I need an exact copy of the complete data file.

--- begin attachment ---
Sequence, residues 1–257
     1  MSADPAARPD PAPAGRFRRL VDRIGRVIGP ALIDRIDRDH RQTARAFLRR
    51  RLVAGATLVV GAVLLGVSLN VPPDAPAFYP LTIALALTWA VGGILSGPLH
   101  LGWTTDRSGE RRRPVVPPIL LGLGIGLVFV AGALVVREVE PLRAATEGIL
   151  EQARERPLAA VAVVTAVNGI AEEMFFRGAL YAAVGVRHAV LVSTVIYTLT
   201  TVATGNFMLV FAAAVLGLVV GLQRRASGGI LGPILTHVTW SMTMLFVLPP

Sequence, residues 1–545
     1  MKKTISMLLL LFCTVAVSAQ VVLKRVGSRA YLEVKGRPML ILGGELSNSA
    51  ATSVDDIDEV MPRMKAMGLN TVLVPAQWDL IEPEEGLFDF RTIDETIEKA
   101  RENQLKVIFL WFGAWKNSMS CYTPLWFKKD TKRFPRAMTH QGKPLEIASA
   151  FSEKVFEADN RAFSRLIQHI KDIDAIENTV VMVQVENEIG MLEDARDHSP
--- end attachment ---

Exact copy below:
Sequence, residues 1–257
     1  MSADPAARPD PAPAGRFRRL VDRIGRVIGP ALIDRIDRDH RQTARAFLRR
    51  RLVAGATLVV GAVLLGVSLN VPPDAPAFYP LTIALALTWA VGGILSGPLH
   101  LGWTTDRSGE RRRPVVPPIL LGLGIGLVFV AGALVVREVE PLRAATEGIL
   151  EQARERPLAA VAVVTAVNGI AEEMFFRGAL YAAVGVRHAV LVSTVIYTLT
   201  TVATGNFMLV FAAAVLGLVV GLQRRASGGI LGPILTHVTW SMTMLFVLPP

Sequence, residues 1–545
     1  MKKTISMLLL LFCTVAVSAQ VVLKRVGSRA YLEVKGRPML ILGGELSNSA
    51  ATSVDDIDEV MPRMKAMGLN TVLVPAQWDL IEPEEGLFDF RTIDETIEKA
   101  RENQLKVIFL WFGAWKNSMS CYTPLWFKKD TKRFPRAMTH QGKPLEIASA
   151  FSEKVFEADN RAFSRLIQHI KDIDAIENTV VMVQVENEIG MLEDARDHSP